Inspiration Takes Perspiration

I’m sharing my process for preparing the keynote talk I’ll be presenting at the 2016 HighEdWeb New England regional conference on March 18. This is Part Three; if you prefer chronological order, start with Part One and Part Two.

If you ever find yourself in need of a social conversation starter, here’s one of my favorite questions to ask:

Where do ideas come from?

That question has been on my mind this week as I thought about the developing my talk for HighEdWeb NE, because it gets to what I struggle with most when creating a presentation: how to focus in on exactly what it is I want to share that I feel is unique to me.

The way I see it, whenever I’m given the opportunity to speak to an audience—and even more so if I’m being invited specifically to inspire others—I need figure out exactly what key insight or point of view it is I think I have to share about a topic. I can’t just coast in and deliver the repackaged ideas of others; I want to make sure that when I leave people at the end with a tote bag of ideas, I know that those ideas and perspectives are my own.

So where do those ideas come from? I think they come from scraps and slivers of the ideas and voices of others that we absorb everyday, often without us even being conscious of it. In fact, I doubt real insight or direction can ever be traced completely to a single source or experience.

Continue reading →

Make (Up) No Little Plans

There’s something about the arrival of spring that brings with it a desire to throw out the clutter and the noise of the old and to start anew. I’m filled with a desire to get organized, build something lean and bold; something simple, smart, and effective.

I first came across this quote years ago, but only recently has it spoken to me in a way that feels inspiring:

Make no little plans. They have no magic to stir men’s blood and probably themselves will not be realized. Make big plans; aim high in hope and work, remembering that a noble, logical diagram once recorded will never die, but long after we are gone will be a living thing, asserting itself with ever-growing insistency. Remember that our sons and grandsons are going to do things that would stagger us. Let your watchword be order and your beacon beauty.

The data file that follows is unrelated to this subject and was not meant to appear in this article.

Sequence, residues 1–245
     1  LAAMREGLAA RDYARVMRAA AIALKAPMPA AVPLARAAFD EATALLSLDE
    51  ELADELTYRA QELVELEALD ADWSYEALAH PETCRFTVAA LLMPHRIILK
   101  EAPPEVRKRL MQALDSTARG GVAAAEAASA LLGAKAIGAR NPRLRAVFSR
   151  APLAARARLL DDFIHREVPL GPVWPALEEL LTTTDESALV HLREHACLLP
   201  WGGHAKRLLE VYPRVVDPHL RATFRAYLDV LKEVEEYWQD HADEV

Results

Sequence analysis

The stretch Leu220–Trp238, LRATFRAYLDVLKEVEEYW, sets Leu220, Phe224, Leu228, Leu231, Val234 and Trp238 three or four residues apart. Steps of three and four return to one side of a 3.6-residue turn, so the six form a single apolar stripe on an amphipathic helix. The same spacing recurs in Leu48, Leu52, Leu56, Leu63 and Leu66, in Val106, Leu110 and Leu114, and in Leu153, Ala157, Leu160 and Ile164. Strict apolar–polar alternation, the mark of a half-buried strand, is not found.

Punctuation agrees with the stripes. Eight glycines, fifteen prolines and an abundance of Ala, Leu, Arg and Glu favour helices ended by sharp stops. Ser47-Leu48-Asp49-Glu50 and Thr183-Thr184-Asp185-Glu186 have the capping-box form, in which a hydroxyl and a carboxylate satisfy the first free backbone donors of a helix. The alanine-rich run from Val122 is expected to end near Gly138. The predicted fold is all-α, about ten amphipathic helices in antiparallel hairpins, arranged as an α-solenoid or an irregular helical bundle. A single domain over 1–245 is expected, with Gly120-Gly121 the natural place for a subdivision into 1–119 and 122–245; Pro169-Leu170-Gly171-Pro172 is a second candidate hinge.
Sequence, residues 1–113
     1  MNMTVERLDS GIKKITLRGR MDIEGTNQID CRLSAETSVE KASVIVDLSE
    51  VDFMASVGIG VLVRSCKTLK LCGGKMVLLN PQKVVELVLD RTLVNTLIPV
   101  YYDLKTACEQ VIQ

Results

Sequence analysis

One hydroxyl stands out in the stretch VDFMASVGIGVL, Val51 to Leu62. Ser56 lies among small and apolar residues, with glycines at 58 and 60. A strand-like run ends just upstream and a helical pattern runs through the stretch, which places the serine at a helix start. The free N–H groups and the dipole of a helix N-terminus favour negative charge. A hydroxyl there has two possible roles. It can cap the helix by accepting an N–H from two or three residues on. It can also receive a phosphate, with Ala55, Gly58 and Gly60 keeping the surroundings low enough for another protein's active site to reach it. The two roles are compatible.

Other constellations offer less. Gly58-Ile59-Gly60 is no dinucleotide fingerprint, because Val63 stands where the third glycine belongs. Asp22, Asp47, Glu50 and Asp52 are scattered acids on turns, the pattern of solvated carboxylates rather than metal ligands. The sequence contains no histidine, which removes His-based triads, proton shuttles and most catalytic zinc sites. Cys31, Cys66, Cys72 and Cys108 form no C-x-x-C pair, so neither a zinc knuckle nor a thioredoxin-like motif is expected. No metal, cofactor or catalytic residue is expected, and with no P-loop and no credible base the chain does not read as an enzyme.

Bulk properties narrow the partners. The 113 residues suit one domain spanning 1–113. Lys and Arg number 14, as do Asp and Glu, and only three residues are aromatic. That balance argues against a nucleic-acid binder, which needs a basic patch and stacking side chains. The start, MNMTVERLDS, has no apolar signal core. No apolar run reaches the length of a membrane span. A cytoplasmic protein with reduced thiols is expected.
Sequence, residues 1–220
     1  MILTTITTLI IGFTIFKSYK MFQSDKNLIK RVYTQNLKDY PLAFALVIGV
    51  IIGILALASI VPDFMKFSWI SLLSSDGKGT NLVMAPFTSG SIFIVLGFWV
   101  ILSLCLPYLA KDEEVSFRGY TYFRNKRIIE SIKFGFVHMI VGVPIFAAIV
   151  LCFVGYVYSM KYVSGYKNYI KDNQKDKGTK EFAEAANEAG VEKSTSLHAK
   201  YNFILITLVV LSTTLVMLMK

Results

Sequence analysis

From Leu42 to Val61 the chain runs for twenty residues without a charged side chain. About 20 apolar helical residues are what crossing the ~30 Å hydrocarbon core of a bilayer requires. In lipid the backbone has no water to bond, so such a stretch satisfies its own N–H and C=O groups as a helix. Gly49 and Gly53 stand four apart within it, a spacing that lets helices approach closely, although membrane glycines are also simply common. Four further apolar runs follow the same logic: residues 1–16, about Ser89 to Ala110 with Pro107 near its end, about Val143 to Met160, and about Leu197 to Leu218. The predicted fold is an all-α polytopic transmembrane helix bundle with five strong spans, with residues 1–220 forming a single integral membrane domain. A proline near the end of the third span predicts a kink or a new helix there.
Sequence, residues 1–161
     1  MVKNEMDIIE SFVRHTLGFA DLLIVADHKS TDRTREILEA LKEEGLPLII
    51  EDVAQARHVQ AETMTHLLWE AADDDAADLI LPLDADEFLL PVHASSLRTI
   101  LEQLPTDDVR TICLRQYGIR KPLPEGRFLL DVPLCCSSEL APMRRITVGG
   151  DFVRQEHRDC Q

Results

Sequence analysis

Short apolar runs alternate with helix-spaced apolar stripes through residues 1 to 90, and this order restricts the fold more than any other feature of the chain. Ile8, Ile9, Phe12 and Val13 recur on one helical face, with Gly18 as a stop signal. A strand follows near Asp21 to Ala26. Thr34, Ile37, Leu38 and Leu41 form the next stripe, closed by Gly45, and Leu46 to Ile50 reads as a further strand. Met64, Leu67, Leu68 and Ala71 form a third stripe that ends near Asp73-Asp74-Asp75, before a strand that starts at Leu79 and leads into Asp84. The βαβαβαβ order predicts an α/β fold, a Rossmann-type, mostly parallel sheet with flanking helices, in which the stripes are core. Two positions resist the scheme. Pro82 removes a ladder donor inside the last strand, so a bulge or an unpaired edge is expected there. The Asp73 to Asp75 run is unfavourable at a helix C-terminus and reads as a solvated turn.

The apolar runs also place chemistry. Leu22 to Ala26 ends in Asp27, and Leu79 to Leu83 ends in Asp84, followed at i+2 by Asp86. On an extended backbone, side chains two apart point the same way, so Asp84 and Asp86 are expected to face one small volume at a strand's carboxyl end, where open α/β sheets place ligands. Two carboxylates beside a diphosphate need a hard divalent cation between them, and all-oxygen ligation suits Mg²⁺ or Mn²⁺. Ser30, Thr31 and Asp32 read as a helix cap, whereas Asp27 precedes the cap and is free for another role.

It’s attributed to the architect Daniel H. Burnham, who is most famous for his 1909 plan for the City of Chicago. But “attributed to” and “a quote from” are not the same thing, and it turns out it’s really difficult to find a contemporary source for this quote in anything written or spoken publicly by Burnham himself. In fact, it’s almost easier to find blog posts and magazine stories pointing out this misattribution than it is to find where the quote actually did come from.

In an era when it’s easy to assume that the source of every famous quote is available at our fingertips, I was surprised at how enigmatic this particular quote seems to be, and yet also how often it has been used as a source of inspiration and even as a rationale for desicions.

As a college-educated person who learned the difference between primary and secondary source material a long time ago, I’ve always tried to take attribution seriously. Even when it’s just a blog post, I think it’s important to provide links to the orignal source of where a quote or image or idea is coming from if it’s not my own. So in that spirit, here is the closest I’ve come to figuring out the true origin of this quote, as summarized in Respectfully Quoted: A Dictionary of Quotations, edited by Suzy Platt, which attributes the quote as follows:

While Burnham expressed these thoughts in a paper he read before the Town Planning Conference, London, 1910, the exact words were reconstructed by Willis Polk, Burnham’s San Francisco partner. Polk used the paragraph on Christmas cards in 1912 after Burnham’s death in June of that year.—Henry H. Saylor, ”Make No Little Plans,” Journal of the American Institute of Architects, March 1957, pp. 95–99.

While I discovered it is possible to find a record of that historic 1910 Town Planning Conference which includes transcripts of remarks and papers shared by the guests, I was not able to get my hands on a copy from any local library, nor do I have the disposable outcome to order or even “rent” an e-book version of the full volume just so I could look for this quote.

Because ultimately, what does it matter? Our history and culture are chockablok with misattributed quotes and untruths we take for granted. What matters is what we take away from it ourselves, and what it may inspire us to do.

Architecture critic Paul Goldberger says as much in his 2009 piece in The New Yorker marking the centennial of Burnhams’s Chicago plan,

“Burnham is famous for the line ‘Make no little plans, they have no magic to stir men’s blood.’ There is little evidence that he really said this, but everything he did suggests that he believed it. If Theodore Roosevelt had been an architect, he would have been Daniel Burnham.”

I think that sums it up perfectly. In the end it doesn’t matter. This quote will live on regardless of who said it, and just like any good writing, if it speaks to you, than that means it’s worth appreciating line by line.

Make no little plans.
They have no magic to stir men’s blood and probably themselves will not be realized.
Make big plans;
aim high in hope and work, 
remembering that a noble, logical diagram once recorded will never die, but long after we are gone will be a living thing, asserting itself with ever-growing insistency.
Remember that our sons and grandsons are going to do things that would stagger us.
Let your watchword be order
and your beacon beauty.

Think big.